She said her father was a Congress leader, a rebel against all odd practices in her ‘very orthodox Hindu family’. As part of his rebellious nature, he named his eldest daughter Bismi Krishna. ‘My dad taught us not to get engaged with less important things in life, religion being one of them’, Bismi said. Her brother is named Shine Krishna (Christianity and Hinduism)

How did the other members of her ‘very orthodox Hindu family’ take to her unorthodox name? She said her grandmother never called her Bismi till her death; she used to call her Parvathi or Ruby (her nickname).

 

Her father had joined politics against the wishes of her grandparents. He was a good public speaker and used to write a column. At a very young age, he had become popular in the region. He had declared a war against ‘nasty rituals’ at home and her grandmother and other relatives could not come to terms with his behaviour; they never ‘let us mingle with the people of lower castes’. Grandfather was, however, ‘kind of ok’.

Bismi Krishna

Bismi said that people from different castes used to come to meet Dad at home. After they left, ‘my grandmother would sprinkle cow dung and wash the place. It hurt my Dad a lot’.

‘Once’, she recalled, ‘when my dad came home I was crying loud to sit with farmers and have food with them on a harvest day which was objected to by my relatives as well as by farmers themselves out of fear , Dad made me sit with them and asked them to feed me’. Gradually, the things became slightly, but only slightly, better as the other members of the family considered it futile to pick up fights with her father who was uncompromising about his beliefs.

Born in 1942 Krishnan Nair died in June 1986.  He was a member of Kerala Pradesh Congress Committee (KPCC). Bismi said his death was a mystery, officially it was hepatitis but rumours were there that he was poisoned.  Nothing, however, came out of the several inquiries held at the time. Her mother was in her early thirties.  ‘After the Dad’s death our life turned upside down, no visitors came (otherwise every morning we saw an ocean of people in front of our house even before we woke up in the morning).  My mom had a tough time after Dad’s death. She had submitted the resignation letter (as a Bank Manager) a few days before Dad’s death to take care of us and to adjust with Dad’s busy schedule but her senior officer hadn’t forwarded the letter to RBI luckily.’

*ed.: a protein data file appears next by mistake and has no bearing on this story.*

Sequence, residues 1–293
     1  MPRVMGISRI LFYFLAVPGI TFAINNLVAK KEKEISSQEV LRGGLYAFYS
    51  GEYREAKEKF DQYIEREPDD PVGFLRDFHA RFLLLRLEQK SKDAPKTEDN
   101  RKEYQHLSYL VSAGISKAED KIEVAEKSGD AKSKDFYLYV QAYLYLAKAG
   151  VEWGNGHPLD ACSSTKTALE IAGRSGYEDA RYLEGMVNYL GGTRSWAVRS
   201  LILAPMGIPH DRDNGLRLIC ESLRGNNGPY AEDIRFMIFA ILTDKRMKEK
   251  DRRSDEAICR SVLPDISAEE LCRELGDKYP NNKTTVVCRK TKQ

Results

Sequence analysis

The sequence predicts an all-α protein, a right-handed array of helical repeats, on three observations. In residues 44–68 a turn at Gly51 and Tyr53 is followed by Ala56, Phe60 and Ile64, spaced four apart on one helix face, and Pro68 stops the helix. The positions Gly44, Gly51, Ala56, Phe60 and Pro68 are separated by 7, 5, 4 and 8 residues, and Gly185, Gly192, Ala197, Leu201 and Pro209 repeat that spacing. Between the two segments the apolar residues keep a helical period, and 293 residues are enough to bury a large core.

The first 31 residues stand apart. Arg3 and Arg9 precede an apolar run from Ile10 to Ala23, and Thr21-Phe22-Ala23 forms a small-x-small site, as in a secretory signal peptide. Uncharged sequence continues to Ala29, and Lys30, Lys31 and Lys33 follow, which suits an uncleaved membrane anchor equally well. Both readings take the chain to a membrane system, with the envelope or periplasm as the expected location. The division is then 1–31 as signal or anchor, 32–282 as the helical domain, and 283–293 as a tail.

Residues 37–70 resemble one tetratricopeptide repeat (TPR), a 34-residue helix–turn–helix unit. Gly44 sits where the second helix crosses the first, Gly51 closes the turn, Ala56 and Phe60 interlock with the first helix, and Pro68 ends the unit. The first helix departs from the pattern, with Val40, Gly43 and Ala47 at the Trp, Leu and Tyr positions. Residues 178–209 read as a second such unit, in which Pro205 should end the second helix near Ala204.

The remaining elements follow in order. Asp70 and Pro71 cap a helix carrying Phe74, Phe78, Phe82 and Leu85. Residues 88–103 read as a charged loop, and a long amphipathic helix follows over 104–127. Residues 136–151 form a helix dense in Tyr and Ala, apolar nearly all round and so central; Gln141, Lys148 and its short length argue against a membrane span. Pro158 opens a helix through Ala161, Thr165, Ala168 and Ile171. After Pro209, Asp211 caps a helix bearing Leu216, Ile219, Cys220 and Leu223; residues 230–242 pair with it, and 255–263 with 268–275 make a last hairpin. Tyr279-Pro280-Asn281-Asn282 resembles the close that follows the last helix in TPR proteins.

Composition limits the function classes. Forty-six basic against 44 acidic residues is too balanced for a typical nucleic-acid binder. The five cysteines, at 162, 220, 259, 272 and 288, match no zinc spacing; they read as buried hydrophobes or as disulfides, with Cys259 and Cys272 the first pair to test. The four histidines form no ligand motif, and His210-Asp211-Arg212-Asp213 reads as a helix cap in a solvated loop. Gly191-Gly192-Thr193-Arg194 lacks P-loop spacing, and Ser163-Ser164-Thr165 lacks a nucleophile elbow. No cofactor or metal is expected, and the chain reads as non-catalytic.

Not only in the family, Bismi faced problems outside also. People thought she was born to parents of mixed religions. ‘Whenever I went to a bank, or some institution or anywhere, the people became curious to know my religious status,’ she said.

Hyper-active as a child, Bismi preferred to play the games like the boys. While her father supported her, the women in the family were worried whether she would get a good guy to share her life with. From the 6th standard she started playing sub junior nationals in ball badminton (which was more popular then than shuttle badminton), Prakash Padukone was the commentator in most of the national events where she played.  She won the ‘Star of India ‘award thrice. She said, ‘the saddest part was my Dad wasn’t alive to see me crowning the best player in India award.’

Because of her greeter interest in sports, she found it difficult to cope with the missed classes. Still, she obtained a Bachelor’s degree in Geology and B1 degree in German language. She also acquired a post-graduate degree in computer science. She got married at 18, even before she had completed her Bachelor’s degree. They have two kids with religious status of ‘No Caste, No Religion’.

Now 41, Bismi is running a small company (at Trivandrum) which deals with sports infrastructure, concept development and implementation and interior designing. She said her company was doing ‘considerably well’ till some time back; of late a lot of orders have been blocked because of her political background.

Bismi’s daughter, now 13, is also a badminton player. Read the rest of this entry »